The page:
An Insurance Company’s Duty to Defend.

In Delatorre v. Safeway Insurance Co., a passenger was injured in a motor vehicle collision and he sued the driver.  The driver’s insurance policy contained a provision requiring the insurance company to defend the driver.  The insurance company hired an attorney to defend the driver.  Unfortunately, the insurer only had nominal, passive, and one-way communication with the attorney who did little to actually represent the driver in the case.  Ultimately, a default judgment was entered against the driver in the amount of $250,000.

The driver then filed a lawsuit against his insurance company alleging that it breached its contractual duty to defend him.  The insurance company argued that it had fulfilled its duty by hiring an attorney to represent the driver.  The appellate court, however, determined that the insurance company failed to fulfill its contractual duty to defend the driver by failing to ascertain whether its insured as actually being defended by the attorney it retained.  Therefore, the Appellate Court agreed with the driver and upheld the judgment in favor of the driver against the insurance company.   To read the entire Illinois Appellate Court ruling from April 2013, click here.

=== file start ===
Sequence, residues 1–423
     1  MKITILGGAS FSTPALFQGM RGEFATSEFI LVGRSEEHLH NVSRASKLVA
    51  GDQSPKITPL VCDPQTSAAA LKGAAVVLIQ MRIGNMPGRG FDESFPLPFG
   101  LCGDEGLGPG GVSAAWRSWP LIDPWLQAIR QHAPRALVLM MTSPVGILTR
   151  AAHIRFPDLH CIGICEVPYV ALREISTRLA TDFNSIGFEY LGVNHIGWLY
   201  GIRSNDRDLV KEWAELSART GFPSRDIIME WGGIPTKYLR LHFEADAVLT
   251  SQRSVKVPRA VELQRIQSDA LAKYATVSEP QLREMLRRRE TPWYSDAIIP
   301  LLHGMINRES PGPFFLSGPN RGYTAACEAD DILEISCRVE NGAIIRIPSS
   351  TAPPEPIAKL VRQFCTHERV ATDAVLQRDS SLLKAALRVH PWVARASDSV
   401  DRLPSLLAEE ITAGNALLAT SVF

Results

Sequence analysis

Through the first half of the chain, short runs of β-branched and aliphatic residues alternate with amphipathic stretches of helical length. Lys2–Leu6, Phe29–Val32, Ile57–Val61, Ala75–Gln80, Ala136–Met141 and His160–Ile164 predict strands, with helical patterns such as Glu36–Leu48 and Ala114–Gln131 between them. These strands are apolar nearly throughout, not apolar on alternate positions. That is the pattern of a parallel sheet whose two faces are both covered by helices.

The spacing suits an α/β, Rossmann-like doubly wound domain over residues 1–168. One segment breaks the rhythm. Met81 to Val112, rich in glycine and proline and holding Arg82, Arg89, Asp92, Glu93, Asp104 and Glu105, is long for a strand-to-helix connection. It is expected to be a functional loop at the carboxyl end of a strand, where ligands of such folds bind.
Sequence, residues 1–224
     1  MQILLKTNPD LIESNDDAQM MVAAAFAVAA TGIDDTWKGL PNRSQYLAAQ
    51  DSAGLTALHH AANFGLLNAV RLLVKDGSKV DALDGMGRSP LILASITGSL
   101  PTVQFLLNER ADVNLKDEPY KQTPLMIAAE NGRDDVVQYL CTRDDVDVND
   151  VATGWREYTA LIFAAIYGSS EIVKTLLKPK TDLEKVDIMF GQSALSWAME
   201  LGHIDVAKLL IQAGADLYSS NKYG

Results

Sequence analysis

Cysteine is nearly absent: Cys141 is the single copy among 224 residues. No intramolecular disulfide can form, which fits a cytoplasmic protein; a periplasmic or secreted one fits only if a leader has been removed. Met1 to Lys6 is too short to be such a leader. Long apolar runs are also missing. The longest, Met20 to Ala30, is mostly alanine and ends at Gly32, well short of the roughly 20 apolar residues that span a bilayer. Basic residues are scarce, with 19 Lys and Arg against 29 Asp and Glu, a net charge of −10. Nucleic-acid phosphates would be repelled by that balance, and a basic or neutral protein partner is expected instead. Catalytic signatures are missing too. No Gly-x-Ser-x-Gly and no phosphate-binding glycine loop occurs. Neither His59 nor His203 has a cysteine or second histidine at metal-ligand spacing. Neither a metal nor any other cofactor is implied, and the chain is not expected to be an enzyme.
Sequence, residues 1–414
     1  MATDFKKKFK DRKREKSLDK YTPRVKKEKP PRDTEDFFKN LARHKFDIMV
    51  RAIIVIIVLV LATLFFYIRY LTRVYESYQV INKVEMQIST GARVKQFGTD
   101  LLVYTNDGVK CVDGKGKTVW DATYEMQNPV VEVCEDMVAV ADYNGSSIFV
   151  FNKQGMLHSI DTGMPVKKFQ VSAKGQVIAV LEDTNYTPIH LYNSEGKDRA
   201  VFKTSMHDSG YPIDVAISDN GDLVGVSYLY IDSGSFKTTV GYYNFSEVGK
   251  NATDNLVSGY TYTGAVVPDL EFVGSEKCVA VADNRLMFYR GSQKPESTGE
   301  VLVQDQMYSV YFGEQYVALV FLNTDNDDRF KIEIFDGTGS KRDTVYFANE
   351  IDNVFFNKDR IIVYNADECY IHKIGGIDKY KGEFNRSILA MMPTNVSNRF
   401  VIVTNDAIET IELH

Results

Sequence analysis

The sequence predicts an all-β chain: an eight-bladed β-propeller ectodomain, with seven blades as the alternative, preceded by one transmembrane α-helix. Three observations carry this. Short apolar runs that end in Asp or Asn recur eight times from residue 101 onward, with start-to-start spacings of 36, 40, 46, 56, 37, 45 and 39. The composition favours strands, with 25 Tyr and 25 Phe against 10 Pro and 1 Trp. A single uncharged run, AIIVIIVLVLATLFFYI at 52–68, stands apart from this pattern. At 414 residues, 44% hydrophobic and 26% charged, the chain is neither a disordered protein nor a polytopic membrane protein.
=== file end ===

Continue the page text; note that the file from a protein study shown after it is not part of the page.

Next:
The litigation attorneys at DeBlasio & Gower have experience in insurance law matters.  To speak with one of our attorneys, call us at (630) 560-1123 or visit our website at

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